It is this marginalization of the bible in political discourse that the editors clearly seek to remedy by bringing readers back to a time when the bible had far more political valence when it came to how America imagines itself.
But what separates this anthology from the average collection is its focus on context. Thus, not only does the anthology organize, collect and annotate important American texts and speeches that reference the bible, but it also provides the reader with the actual biblical texts at the end of each excerpt. Importantly, juxtaposing the historical and biblical texts allows the reader to consider how the bible is being used. In turn, readers will invariably ask to what extent did the political deployment of Jewish text excerpts comport with the traditional meaning of those texts when read in context.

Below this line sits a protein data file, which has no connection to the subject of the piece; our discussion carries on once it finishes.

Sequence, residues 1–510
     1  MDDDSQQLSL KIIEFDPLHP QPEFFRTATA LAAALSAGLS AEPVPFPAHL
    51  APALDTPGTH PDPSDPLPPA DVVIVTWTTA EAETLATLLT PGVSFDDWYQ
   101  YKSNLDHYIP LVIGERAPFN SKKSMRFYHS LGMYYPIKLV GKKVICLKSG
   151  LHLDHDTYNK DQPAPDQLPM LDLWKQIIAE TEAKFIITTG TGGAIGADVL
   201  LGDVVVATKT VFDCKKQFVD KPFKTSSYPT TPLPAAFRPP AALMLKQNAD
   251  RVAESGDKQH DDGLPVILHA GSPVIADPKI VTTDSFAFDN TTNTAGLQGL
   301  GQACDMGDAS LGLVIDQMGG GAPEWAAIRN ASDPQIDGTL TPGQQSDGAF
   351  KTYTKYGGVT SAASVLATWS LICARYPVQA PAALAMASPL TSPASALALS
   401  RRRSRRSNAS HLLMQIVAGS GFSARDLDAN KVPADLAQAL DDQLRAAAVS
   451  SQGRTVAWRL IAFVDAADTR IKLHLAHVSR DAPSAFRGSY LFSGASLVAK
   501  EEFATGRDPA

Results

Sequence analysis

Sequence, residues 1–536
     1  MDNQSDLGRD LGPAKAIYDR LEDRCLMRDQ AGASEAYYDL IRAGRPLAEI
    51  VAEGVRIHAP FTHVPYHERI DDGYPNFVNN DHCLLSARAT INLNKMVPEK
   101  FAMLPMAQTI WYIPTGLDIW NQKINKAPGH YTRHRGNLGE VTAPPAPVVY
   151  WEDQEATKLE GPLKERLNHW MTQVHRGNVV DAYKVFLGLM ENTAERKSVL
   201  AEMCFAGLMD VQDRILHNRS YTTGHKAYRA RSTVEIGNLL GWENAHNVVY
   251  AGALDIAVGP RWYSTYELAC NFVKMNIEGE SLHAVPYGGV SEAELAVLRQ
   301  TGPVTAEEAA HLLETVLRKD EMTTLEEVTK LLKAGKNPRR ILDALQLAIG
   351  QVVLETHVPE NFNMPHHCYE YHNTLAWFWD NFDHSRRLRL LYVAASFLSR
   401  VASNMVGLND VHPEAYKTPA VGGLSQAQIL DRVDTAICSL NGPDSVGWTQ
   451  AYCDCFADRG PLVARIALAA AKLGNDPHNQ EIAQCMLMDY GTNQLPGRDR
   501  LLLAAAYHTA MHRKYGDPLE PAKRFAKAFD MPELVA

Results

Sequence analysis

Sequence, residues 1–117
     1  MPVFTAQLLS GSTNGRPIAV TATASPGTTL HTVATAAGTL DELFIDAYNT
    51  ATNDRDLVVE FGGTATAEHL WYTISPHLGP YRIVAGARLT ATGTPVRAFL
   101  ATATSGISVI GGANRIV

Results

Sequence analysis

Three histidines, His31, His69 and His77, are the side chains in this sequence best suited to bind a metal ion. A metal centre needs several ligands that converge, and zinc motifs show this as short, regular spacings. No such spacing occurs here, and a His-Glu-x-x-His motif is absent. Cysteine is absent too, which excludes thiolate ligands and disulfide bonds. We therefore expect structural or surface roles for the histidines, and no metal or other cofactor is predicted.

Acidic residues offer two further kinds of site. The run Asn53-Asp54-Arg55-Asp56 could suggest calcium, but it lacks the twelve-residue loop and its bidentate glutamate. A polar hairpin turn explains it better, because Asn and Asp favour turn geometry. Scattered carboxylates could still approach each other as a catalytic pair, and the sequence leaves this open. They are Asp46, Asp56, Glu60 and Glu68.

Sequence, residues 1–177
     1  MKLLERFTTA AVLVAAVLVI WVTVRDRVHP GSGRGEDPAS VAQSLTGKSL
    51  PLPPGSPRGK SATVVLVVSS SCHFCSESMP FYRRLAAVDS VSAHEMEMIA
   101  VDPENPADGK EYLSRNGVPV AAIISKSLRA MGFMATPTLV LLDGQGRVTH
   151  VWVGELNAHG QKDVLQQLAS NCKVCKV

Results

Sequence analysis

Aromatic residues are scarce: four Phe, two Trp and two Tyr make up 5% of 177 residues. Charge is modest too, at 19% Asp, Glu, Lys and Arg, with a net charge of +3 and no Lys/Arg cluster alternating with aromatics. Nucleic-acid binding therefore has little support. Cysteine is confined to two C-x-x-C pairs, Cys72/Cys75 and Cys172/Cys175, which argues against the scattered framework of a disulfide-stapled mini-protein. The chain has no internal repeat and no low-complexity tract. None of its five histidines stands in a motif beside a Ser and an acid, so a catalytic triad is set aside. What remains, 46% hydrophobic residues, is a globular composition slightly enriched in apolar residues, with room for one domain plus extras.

These questions go to the heart of the book’s core inquiry. By placing biblical text and context side by side, the anthology presses readers to ask whether these appearances in the American tradition represent points of pride—where the values of the bible helped generate a unique form of traditional Americanism that embraced life and liberty—or whether instead they represent moments of political appropriation—where biblical text is being used for political purposes in ways that do not track the original meanings when considered in context.
By way of example, how should we think about Benjamin Franklin’s desire to incorporate an image of Moses lifting his staff and dividing the Red Sea into a seal of the United States? Or how should we view Jonathan Edwards’, the famous Puritan preacher and theologian, reading of Isaiah’s prophecy about the reestablishment of Jerusalem as a vision actually referring to the birth of the American republic? In these cases, great figures in American history sought to portray the American values of freedom and redemption by using—and transforming—classic Jewish texts and images.